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This article is written by a student writer from the Her Campus at Cal Poly chapter.

In the Watergate scandal of 1972, President Richard Nixon’s integrity was questioned by the public for not being truthful about an event in the White House. As a result of that incident of dishonesty towards the public, he resigned his entire presidency. 50 years later, history has changed tremendously, and so has citizens’ acceptance of political dishonesty. In a Pew Research Center survey, more than half of Americans adults nowadays said they are confused about basic facts because of media falsification. Political lies are the norm, and you never know what is real and what is not- so what changed and why?

“Post-truth politics” is the phrase that describes a culture where political debate is emotionally connected and factually disconnected. In post-truth politics, political debate is fed through the repetition of certain points and the ignorance of factual rebuttals to those points. 

There are two main facets to post-truth politics- human emotion and economic gain through the media. In the political media space where profit is made from controversy and election season is the jackpot, disagreement between citizens fuels human emotion and passion, thus making people more loyal to certain media forms and outlets. Media forms live off of this emotional disagreement financially, thus making political news dependent on viewer absorption and attachment, which disregards factual truth and introduces post-truth politics as a way to make money.

With this falsified media intake, people base their opinions and decisions off of concepts that are not the whole truth. This perpetuates the cycle of post-truth politics even further by making people more separated, all based on ideas that were intended to solely make money.

With the advance of technology and societal changes, politics has been overpowered by television performances and adversary economic benefits. However, even before televised news, newspaper companies and word of mouth were the informative outlets that shaped people’s political perspectives. Our society as a whole has gotten used to being told what to think by the most common sources of the times. So nowadays, when you see a newscaster discussing the happenings in the world, you never know if it is the whole truth, if it is part of a political agenda, or if they are only telling part of the situation to please their intended audience.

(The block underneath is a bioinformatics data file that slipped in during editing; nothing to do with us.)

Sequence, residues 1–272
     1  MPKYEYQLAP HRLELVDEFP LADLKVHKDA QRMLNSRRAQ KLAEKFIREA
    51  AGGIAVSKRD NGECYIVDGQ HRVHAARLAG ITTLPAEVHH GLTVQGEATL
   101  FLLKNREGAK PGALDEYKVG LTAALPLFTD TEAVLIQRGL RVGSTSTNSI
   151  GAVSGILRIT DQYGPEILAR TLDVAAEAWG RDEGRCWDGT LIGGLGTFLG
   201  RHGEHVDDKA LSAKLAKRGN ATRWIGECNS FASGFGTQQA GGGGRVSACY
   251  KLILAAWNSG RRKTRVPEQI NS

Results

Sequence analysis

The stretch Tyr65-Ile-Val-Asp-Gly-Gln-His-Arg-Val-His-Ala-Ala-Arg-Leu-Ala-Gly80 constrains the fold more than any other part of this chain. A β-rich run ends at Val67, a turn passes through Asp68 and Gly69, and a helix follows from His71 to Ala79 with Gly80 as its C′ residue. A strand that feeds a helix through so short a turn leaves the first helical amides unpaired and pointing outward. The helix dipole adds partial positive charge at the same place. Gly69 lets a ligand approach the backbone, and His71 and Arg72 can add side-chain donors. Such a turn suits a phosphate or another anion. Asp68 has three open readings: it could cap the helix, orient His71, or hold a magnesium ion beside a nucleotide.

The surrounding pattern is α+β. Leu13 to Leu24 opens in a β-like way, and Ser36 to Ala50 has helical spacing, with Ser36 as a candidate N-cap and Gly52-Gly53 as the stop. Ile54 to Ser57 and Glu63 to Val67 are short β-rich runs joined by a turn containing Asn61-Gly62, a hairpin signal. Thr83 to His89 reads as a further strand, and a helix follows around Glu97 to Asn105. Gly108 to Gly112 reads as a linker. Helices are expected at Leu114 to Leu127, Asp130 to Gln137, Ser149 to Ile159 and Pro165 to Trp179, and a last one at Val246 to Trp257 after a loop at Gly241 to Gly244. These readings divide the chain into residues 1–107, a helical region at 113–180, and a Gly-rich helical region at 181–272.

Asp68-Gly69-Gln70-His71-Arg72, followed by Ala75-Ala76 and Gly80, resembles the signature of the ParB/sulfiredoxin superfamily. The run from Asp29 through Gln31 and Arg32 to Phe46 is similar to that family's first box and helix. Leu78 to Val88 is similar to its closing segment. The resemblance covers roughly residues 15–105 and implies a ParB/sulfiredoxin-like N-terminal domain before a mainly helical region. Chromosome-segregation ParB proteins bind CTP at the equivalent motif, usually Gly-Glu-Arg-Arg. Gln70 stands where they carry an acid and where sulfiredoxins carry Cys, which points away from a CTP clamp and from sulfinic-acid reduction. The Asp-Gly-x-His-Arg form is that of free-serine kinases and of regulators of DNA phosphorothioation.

Under the umbrella of post-truth politics is human emotion intertwined with factual disagreement. As present in more recent events, where a global pandemic was seen as a political debate, it is clear that political media outlets thrive off of any and all disagreement, whether or not the evidence to fuel that disagreement is factual. The 24-hour news cycles and the imbalance in news reportings are intentional, and citizens feed into it every day. 

Media outlets are society’s storytellers, so when a non-factual, heated debate fills our televisions and phone screens, it is a reflection of our political climate. The problem is when the media “is assumed” as factual science, and when people believe in their chosen media source with no questions asked. 

Though always somewhat existent, the presence of social media and technology in politics has magnified post-truth politics to interfere with political action like voting, legislation, and more real change. Media is a reflection of our own perspectives, and vice versa, so in order to stop post-truth politics and its damaging aftermath, we must look for the truth ourselves. 

Before forming an opinion on something, it is important to do as much research as you can from multiple outlets. If you obtain all of your information (which forms all of your opinions) on one or two news outlets, you are only being told one side of a story. It is crucial to be proactive in searching for reliable sources when deciding how you want to think, act, and vote. 

Where to search for more truthful news and media is tricky with the popularity of controversy in this post-truth era, but there are sources out there that don’t give in. This Interactive Media Bias Chart lets you scan through and see how reliable and biased news sources are, and it can help you decide what sources to look for amidst this post-truth era. 

In a post-truth era, being politically proactive is crucial. Though a media source may tell you what you want to hear, it may not always be the truth. Our political actions as citizens are reflected in our absorption of media, so learning the truth and voting accordingly can help mend our dividing country.


Gabriella is a fourth-year student at Cal Poly, San Luis Obispo majoring in Graphic Communication. She is currently involved in Her Campus as the Cal Poly SLO chapter President, and in the past, she has had the roles of Vice President, Social Media Director, Instagram Manager, and editorial writer. She is passionate about writing, making art, volunteering, and pursuing a career where her creativity can be at the forefront. In her free time, you can find her attempting to surf and doodling at any given opportunity.